Secondly, and I do understand you were making a general statement, I think people do take the job seriously. If you have three "eyewitnesses" that identify someone it really is hard to discount the testimony unless the defense can really disprove it. I mean, who are you going to believe? Me or your own eyes.

    Having said all this, I think it's great that the man went free. And I think there should be some way to fast track DNA identifications.


    This is what I am getting at (5.00 / 1) (#5)
    by eric on Fri Jun 27, 2008 at 11:22:42 AM EST
    people do very much think that, "it is a horror to let a guilty person go free, especially for a violent crime" like you say.

    Isn't it worse, much worse, to convict one innocent man?

    Personally, I am MUCH more worried about the wrongfully convicted than the guy who got away with it.  This does not seem to be the way juries are thinking.  Maybe it has always been like this.


    It's not either/or (none / 0) (#9)
    by txpublicdefender on Fri Jun 27, 2008 at 01:46:58 PM EST
    Of course, when the wrong person is convicted, in most cases that means that the guilty person is also going free (I'm leaving room for the cases where there truly was no crime and for those where a guilty co-defendant is also convicted), so juries aren't really erring on the side of making sure the guilty person gets put away when they convict on evidence that they shouldn't.

    Jailing an innocent.... (none / 0) (#14)
    by kdog on Fri Jun 27, 2008 at 02:41:01 PM EST
    is 1000 times worse.  It's a crime in and of itself, and the guilty party went free...a double whammy.

    Adding to this (5.00 / 1) (#4)
    by eric on Fri Jun 27, 2008 at 11:15:28 AM EST
    I understand that the real problem here is probably some bad actions by the prosecutors, but isn't it also a problem that groups of 12 people are consistently doing the wrong thing?

    A jury can only consider (none / 0) (#8)
    by Fabian on Fri Jun 27, 2008 at 01:37:39 PM EST
    what is presented to them.  The prosecution is going to try to get a conviction, period.  The jury has no way of knowing if the person presented to them is innocent as a newborn babe or as guilty as can be.

    The one thing I wonder is how many innocents get convicted who have never had a significant run in with the law before.  It's easier to believe that a jury would convict someone who seems to have a habit of criminal behavior than someone whose previous offenses were no worse than speeding tickets.  It doesn't excuse prosecuting the wrong person, but it makes it more plausible if the defendant was someone who had a consistent pattern of criminal conduct.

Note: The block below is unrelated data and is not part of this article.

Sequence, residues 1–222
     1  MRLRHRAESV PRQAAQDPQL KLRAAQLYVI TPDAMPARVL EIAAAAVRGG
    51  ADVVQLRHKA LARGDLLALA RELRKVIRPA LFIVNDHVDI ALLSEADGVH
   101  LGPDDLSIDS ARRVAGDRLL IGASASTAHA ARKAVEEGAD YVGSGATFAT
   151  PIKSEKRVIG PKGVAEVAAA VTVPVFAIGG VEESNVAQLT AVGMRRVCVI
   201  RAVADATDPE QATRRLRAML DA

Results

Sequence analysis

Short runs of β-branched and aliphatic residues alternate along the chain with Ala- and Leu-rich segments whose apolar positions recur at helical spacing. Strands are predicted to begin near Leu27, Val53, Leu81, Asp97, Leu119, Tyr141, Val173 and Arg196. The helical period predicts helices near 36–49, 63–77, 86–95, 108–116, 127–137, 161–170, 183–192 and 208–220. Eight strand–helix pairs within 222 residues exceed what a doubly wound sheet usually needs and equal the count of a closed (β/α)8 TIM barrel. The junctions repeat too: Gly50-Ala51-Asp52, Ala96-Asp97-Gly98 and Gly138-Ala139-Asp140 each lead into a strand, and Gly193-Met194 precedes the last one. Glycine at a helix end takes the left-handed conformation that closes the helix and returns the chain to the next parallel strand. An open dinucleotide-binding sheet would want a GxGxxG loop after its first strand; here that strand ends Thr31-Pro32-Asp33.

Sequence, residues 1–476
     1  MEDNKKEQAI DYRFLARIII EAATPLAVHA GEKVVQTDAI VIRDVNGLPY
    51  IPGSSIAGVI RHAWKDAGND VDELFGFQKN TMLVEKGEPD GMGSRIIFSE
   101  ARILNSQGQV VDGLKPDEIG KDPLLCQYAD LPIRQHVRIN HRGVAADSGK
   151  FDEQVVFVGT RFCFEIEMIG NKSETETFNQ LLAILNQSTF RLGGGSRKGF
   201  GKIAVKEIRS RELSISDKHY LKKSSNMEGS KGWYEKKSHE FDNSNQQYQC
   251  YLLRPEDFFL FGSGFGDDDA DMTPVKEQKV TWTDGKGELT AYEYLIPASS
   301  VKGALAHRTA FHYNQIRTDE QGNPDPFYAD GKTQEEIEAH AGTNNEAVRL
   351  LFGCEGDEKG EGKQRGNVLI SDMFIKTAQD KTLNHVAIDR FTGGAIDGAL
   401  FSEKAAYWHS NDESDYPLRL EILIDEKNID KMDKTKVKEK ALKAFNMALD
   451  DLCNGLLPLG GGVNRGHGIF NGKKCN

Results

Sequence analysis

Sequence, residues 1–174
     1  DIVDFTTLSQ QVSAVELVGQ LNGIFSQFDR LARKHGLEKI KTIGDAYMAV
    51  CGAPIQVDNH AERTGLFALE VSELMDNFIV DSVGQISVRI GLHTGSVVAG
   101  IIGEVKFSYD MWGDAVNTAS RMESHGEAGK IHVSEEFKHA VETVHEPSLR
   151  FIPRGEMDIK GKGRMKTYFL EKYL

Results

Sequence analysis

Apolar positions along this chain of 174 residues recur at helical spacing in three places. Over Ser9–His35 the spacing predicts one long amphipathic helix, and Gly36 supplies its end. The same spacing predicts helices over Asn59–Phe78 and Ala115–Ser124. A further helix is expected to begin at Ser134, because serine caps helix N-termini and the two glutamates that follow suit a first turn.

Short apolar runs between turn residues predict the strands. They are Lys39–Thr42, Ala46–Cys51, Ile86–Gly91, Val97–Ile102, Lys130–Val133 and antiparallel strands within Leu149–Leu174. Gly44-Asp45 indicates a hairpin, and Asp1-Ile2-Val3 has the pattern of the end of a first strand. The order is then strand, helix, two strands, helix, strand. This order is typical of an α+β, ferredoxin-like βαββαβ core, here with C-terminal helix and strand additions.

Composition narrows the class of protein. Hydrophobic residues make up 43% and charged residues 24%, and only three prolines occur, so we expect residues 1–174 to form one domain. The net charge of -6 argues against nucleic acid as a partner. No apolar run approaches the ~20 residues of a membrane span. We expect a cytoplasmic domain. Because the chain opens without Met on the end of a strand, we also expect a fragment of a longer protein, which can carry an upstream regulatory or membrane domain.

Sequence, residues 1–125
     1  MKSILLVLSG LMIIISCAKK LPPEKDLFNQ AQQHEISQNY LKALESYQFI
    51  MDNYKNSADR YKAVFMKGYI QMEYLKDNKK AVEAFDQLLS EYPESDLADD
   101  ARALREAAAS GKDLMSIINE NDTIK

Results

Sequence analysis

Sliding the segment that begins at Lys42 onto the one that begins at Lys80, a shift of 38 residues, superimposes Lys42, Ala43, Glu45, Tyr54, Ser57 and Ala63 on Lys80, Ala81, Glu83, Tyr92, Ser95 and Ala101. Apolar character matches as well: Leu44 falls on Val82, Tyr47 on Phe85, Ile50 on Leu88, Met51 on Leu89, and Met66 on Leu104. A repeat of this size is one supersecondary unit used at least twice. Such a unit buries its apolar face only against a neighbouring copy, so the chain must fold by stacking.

inadmissible (none / 0) (#10)
    by txpublicdefender on Fri Jun 27, 2008 at 01:52:36 PM EST
    In most criminal cases, the jury doesn't know about the person's prior run-ins with the law, so I don't think that's as big of a factor as you might think.

    And I don't cut the jury any slack just because they only have what is presented to them and have no way of knowing whether the person is innocent or guilty.  It's true that cases where the state has suppressed exculpatory evidence shouldn't be held against jurors.  But, in many wrongful convictions, the jury had enough in front of them to decide to acquit.  The problem is that most jurors don't have a good background to evaluate the credibility of something like eyewitness evidence.  A victim pointing to someone and saying, "That's the man who did this to me," is extremely powerful in court, and juries will almost always believe it, even in the face of alibi evidence from the defense (which can almost always be trashed by the prosecutor as just the defendant's friends and family covering for him).  Until jurors become more educated in how easy it is for an eyewitness to be unshakeable in her certainty and still 100% wrong, innocent people will continue to be convicted by juries in this country.  DNA is available in only a fraction of cases that involve an eyewitness ID.


    Sounds like a job for the defense. (none / 0) (#12)
    by Fabian on Fri Jun 27, 2008 at 02:25:50 PM EST
    Not the jurors.

    I rather think that the best educated jurors are least likely to be seated.  Trials have a large element of the theater in them because the object is to present the most convincing story you have to them.  The more active role a jury plays, the less predictable they become and the less control either side has over the outcome.


    smart jurors (none / 0) (#15)
    by eric on Fri Jun 27, 2008 at 03:41:59 PM EST
    I rather think that the best educated jurors are least likely to be seated.

    Just for proof of that statement, I was struck from all four jury panels that I sat on...  ;)


    Do prisoners who get exonerated ever (none / 0) (#6)
    by votermom on Fri Jun 27, 2008 at 12:09:46 PM EST
    get any kind of restitution for the time they have been wrongfully imprisoned?

    Yes. (none / 0) (#13)
    by sarcastic unnamed one on Fri Jun 27, 2008 at 02:28:38 PM EST